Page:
What does my property Tax pay for?
Every year in the spring nature takes the center stage at the same time it is time when local governments figure out where money is going to come for their yearly budgets. In Texas local property tax is the largest single funding source for community services. State government receives no benefit from these local taxes. Our local property taxes help to pay for your public schools, city streets, county roads, police departments, fire protection and many other vital programs.

Your Property Evaluation Notice and your right to protest:
March thought April 30th all the property owners get notice from the appraisal districts of counties their properties is located at. The 2018 is no exception you should have gotten your Notice of Appraised Value in the mail by now.  Also included in the notice is a page where you can use to protest the evaluation. One of your most important rights as a taxpayer is your right to protest to the appraisal review board (ARB) evaluation. You may protest if you disagree with the appraisal district value or any of the appraisal district's actions concerning your property.

Deadline to File Protest:
The deadline to file a protest each year is May 15th or 30 days after date of Notice of Appraised Value – whichever is LATER (date of the notice is on the top left hand of the notice on the first page). That means if you received your Notice of Appraised Value in March or early April, you have until May 15th to file a protest – even if there is an earlier “deadline” printed on your Notice of Appraised Value. To be safe go head and file your protest by April 30th. After county gets your protest, the county will send you in writing two dates and times you can choose to appear to discuss your evaluation with them, and times are noted as: informal and formal dates and times.

Below is the diagram which outlines the timelines from the Texas comptroller office.

The property tax process for each tax year includes a series of steps.

If you’ve never protested your property value before, there are a few things you can do that will better your chances of achieving your desired outcome.

1. Don’t wait until the last minute.
Technically, you have until May 15th to file your protest, but, don’t wait until then. Most of the information you need is available on the appraisal district’s website, along with a helpful explanatory presentation. When completing the protest form (which you can complete through the county’s eFile portal), be sure to fill out everything. However, if you’re unsure of what your property value should be, leave that field blank. Also, make sure you check both of the first two boxes: “Incorrect appraised (market) value” and “Value is unequal compared to other properties.” You can always easily withdraw either protest later. If you decide that you don’t wish to use the county’s eFile system, it’s best to hand-deliver your protest to the appraisal district office or mail it before deadline via certified mail. This way, you’ll receive a date-stamped copy of the form and will have firm documentation that you filed the protest. Also check the box you want evidence of their evaluation to be send to you. The evidence can be sent to you via email or mail. If two weeks before your scheduled appointment, you still haven’t received the evidence, call them and tell them you don’t have it—you’ll need this information (at least) several days before your hearing. Note: The county’s eFile portal will supply you with the comparable sales and other evidence, and it will also allow you to receive and accept the county’s settlement offer (if applicable).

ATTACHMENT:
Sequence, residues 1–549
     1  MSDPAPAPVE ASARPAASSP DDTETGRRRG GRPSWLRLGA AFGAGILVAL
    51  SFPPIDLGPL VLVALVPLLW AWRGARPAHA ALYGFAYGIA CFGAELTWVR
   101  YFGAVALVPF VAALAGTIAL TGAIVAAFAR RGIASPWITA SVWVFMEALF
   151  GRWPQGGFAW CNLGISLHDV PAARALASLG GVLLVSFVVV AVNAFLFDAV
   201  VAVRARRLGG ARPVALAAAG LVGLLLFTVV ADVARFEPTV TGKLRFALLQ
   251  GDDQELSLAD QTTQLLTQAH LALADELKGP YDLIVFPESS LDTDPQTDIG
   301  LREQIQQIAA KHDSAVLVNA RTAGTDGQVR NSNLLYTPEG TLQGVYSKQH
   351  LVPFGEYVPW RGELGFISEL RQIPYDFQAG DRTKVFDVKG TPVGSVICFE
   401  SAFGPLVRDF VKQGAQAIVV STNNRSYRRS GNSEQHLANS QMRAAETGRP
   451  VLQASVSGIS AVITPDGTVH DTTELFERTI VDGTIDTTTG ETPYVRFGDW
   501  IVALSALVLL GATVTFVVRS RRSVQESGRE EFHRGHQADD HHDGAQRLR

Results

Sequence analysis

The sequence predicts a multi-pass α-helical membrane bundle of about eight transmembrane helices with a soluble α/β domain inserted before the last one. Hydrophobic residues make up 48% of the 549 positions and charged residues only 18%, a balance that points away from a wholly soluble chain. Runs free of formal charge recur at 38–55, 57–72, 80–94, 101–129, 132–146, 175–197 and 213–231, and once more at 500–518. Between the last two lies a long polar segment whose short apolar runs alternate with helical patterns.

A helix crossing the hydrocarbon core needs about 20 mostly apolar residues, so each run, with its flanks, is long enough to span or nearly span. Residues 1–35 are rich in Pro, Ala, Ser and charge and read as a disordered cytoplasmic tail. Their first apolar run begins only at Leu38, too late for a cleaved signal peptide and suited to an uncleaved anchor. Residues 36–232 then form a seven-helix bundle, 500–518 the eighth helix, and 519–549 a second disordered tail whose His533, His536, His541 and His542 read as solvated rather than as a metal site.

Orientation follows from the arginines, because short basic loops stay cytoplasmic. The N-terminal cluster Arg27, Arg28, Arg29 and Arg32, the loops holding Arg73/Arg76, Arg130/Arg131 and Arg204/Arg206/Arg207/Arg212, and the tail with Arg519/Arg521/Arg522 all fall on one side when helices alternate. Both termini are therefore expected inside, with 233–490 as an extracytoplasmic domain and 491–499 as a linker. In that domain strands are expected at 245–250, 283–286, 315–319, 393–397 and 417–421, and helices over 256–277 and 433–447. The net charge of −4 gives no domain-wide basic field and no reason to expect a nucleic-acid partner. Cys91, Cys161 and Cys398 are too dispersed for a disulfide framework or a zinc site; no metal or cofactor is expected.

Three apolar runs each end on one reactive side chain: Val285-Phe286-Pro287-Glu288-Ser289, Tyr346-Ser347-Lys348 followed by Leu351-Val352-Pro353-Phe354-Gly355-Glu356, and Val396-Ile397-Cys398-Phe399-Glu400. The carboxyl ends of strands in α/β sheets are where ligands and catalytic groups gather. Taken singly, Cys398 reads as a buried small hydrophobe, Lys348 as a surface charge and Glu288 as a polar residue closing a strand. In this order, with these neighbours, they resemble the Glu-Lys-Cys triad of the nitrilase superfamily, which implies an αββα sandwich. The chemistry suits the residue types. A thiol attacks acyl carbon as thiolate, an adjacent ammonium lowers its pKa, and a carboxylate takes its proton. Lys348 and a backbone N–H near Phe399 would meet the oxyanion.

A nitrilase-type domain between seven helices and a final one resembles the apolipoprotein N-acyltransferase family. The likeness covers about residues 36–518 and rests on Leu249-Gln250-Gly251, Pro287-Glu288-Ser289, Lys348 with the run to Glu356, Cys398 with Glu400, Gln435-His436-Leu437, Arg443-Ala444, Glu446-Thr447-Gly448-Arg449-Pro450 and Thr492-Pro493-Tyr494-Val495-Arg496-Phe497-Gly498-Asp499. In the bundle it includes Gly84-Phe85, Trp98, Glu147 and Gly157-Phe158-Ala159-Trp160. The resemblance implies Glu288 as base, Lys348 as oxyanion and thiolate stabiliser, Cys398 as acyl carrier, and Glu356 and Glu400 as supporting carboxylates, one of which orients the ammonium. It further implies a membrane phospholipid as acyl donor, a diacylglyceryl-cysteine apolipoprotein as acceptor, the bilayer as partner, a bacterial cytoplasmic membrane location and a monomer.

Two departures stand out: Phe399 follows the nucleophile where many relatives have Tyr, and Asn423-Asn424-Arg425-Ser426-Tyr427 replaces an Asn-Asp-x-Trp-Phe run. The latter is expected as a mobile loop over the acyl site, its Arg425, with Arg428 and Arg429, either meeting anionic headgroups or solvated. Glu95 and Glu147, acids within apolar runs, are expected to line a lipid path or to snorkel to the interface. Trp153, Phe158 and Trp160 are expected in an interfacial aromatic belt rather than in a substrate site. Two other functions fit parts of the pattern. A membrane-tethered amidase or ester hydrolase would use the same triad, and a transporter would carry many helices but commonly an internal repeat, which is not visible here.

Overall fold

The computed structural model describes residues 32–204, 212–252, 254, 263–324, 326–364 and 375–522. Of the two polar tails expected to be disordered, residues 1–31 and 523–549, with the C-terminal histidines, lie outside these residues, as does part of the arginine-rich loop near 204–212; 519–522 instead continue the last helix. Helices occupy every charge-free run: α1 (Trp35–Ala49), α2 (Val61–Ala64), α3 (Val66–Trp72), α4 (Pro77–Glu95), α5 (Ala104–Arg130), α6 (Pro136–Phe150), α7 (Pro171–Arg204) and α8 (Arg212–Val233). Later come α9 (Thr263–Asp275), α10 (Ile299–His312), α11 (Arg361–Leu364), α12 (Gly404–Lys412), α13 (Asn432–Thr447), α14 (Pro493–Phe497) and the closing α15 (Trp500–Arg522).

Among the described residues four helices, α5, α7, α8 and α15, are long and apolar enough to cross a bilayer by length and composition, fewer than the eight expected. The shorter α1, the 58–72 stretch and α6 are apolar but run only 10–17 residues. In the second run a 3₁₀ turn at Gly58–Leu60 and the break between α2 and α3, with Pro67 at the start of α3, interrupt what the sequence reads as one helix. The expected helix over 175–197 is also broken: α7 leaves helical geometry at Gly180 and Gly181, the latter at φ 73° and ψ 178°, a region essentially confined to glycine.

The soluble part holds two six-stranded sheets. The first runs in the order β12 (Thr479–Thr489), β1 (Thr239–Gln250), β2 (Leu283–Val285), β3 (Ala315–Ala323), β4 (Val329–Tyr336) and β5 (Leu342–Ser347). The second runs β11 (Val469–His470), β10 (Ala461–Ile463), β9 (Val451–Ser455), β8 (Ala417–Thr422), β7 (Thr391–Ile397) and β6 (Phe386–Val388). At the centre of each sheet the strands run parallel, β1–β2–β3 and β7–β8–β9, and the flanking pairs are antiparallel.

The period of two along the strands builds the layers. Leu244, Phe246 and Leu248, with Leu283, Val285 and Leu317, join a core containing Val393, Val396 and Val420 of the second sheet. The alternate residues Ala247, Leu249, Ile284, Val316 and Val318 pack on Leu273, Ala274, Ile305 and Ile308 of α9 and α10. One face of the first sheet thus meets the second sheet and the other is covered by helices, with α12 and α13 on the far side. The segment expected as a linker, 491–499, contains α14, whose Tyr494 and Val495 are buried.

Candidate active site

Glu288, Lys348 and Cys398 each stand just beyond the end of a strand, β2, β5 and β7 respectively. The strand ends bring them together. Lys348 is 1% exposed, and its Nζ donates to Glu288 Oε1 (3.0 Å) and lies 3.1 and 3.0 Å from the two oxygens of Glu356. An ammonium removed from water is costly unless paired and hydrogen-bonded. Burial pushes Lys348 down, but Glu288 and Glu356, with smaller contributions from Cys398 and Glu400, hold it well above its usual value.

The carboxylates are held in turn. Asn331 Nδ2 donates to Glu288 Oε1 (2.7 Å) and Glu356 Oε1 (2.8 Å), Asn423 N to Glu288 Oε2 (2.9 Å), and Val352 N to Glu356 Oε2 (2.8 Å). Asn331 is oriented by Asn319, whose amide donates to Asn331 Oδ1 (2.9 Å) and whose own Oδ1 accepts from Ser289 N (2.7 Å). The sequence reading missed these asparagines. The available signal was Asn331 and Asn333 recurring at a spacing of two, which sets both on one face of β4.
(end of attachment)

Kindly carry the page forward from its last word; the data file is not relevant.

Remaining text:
List of Central Texas Counties and Links to each of Appraisal District.
I also have a full page on my site called central-texas-property-taxes-appraisal-districts about property taxes with link in the bottom of page to all the central country sites. Each county sites have more useful information for you to read and learn, possibly efile protest or print your protest form if you misplace it.

2: My recommendation is always go to the informal hearing first.
Please go at least 30 minutes before the time of hearing. Usually you will meet with one the member of board and discuss the evaluation and make your case to that person, it is best to be prepared when you go. If the informal hearing does not produce result you like, then you have the option to go to the formal hearing. In formal hearing you will make your argument in front of 3-4 panel volunteer board members which are there to hear your case and your side of the facts and 1 to 2 members of ARB argument (just like small court setting), be prepared to present your side and case well with facts.

3. You catch way more bees with honey than vinegar, be nice and respectful.